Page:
April 2002

When I was young, my mother would often sing a lullaby with the refrain, "When the bough breaks/The cradle will fall/And down will come baby/Cradle and all." Like most children, I never considered what might actually happen "when the bough breaks" in real life. This changed for me, though, when, as a college undergraduate, I found myself with my parents one night on a lonely country road. There I began trying to comprehend the loss of my older brother, who had just been killed in a car accident. The circumstances required me not only to cope with my own sense of grief but also to understand and respond to the intense trauma my mother and father were experiencing.

Since that night, I have considered both personally and professionally how parents respond when a child dies. Given both the complexity and gravity of that response, my hope is that this article will help family members, friends, and professionals better understand how the loss of a child affects parents and how to provide meaningful support.

For most bereaved parents, the consequences of the death of a child cannot adequately be expressed in words. One father said of his son's death, "I don't know if there's a way of saying it-it's like we were sent to hell." Despite our efforts to empathize, those who have not experienced a child's death cannot fully know what it is like. However, knowledge of parental bereavement and its dimensions can provide a helpful glimpse of understanding, as well as ideas for how to respond to parents' needs when their child dies. Important issues include the effect on a parents' sense of identity, the parents' efforts to maintain a link with the deceased child, and the way the loss influences relationships in the family.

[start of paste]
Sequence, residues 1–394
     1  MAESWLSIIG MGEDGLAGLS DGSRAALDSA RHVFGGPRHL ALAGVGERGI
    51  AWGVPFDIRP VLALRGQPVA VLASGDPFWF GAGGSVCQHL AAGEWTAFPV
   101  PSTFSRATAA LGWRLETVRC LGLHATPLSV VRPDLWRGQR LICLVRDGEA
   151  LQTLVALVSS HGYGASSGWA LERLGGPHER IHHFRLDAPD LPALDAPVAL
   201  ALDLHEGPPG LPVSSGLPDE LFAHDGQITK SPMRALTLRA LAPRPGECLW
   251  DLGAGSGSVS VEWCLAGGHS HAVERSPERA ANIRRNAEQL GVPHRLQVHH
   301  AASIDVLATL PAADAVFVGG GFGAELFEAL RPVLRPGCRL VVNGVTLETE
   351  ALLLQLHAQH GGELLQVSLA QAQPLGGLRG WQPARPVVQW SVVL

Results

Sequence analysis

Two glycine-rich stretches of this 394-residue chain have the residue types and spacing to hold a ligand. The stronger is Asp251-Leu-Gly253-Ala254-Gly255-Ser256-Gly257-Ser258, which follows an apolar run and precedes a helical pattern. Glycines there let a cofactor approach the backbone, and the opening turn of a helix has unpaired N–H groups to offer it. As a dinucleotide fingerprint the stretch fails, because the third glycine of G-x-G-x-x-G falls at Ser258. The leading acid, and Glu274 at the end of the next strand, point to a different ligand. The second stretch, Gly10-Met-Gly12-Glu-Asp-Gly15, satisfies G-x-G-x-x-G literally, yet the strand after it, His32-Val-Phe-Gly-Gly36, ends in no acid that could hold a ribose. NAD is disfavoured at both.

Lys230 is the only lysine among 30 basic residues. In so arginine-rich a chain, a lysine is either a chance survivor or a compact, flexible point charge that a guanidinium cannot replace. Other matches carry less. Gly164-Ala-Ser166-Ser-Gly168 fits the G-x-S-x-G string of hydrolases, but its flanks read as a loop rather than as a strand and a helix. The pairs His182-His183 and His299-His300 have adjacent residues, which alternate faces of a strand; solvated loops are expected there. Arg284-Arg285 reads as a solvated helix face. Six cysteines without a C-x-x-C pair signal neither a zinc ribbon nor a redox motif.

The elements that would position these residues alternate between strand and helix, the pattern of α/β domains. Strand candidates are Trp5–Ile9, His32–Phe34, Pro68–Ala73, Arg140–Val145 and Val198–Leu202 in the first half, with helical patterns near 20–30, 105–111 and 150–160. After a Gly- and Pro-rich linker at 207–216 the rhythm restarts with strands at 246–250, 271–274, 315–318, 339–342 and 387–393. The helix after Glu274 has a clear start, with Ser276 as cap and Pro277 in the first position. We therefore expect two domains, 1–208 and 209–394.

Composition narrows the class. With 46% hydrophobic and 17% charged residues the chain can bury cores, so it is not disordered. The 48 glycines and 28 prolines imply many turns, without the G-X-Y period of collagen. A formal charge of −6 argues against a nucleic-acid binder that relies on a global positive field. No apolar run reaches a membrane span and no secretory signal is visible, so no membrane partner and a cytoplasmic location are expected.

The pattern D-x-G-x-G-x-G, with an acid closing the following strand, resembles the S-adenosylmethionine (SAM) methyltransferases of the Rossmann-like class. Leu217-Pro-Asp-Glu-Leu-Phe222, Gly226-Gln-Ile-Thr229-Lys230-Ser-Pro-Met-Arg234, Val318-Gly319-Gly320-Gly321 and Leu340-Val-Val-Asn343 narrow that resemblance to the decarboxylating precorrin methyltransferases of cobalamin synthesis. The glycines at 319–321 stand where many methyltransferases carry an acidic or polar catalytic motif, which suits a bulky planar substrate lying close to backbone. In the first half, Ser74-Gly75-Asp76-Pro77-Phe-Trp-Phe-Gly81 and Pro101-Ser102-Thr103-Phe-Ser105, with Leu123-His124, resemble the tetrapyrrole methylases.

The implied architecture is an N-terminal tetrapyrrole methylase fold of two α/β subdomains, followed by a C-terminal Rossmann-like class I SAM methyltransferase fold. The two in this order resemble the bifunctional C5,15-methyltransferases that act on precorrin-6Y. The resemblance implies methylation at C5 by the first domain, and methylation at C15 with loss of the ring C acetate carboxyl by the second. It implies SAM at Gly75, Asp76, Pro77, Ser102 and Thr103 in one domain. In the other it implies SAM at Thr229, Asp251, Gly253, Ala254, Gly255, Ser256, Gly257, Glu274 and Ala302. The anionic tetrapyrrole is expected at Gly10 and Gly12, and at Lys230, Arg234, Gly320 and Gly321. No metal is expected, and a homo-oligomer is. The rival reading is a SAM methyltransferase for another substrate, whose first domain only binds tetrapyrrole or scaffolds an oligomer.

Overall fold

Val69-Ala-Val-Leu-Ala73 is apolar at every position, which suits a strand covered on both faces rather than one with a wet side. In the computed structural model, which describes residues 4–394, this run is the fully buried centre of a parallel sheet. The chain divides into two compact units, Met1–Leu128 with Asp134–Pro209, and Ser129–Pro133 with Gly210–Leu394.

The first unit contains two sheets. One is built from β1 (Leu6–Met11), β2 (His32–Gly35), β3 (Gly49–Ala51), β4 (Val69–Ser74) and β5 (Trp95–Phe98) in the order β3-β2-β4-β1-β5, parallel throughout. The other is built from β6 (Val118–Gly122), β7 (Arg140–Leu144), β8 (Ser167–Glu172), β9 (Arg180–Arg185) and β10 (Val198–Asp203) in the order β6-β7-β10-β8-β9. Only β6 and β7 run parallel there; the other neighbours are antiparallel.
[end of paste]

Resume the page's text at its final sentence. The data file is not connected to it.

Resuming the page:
Parental Identity and

the Loss of a Child

For most people, family relationships define who we are and how we identify ourselves. We do not identify ourselves simply as mothers, fathers, spouses, in-laws, or grandparents, but as family members linked with specific people. For example, a graduate student once wrote in a paper on mothering: "I am not a mother of children. I am a mother of Adria-Candice-Michael-Lauren-Jonathan-Andrew."1 For most parents, the meaning of one's life as a mother or father is a central feature of personal identity.2 A child's death challenges this sense of identity. Bereavement scholar Therese Rando makes this connection in stating, "the process of mourning for one's child involves not only dealing with loss of the loved child, but with the loss of part of one's self."3

Loss of a Sense of Self

Parents who identify strongly with their roles as mothers or fathers often experience a child's death as a death of part of themselves. One father struggled to express the magnitude of what he felt had been lost after his son's death:

I really feel I lost a part of me. Part of me and part of [my wife]. Part of us was never going to be the same again. It was like taking the most valuable part of my body. It was like part of me died when he died and even worse. I don't know how to say it in words.

This father equated the loss of his son to the loss of "the most valuable part of my body," but the loss is almost indefinable because it removes feelings about himself as a parent. Dorothy Lee, an anthropologist, suggests that to bring a child into the world is "to take on a lifelong responsibility, a lifelong relationship."4 At the heart of this relationship lies the parent-child bond. Bereaved parents often feel the loss of this bond in a deep, painful way. Some bereaved parents have said that the pain of the loss was so unbearable that they either wanted to die or seriously considered committing suicide to escape despair. The parent-child bond is incorporated in the parent's sense of identity, and when that bond is severed by the child's death, it may feel as if the parent's life and identity have also ended.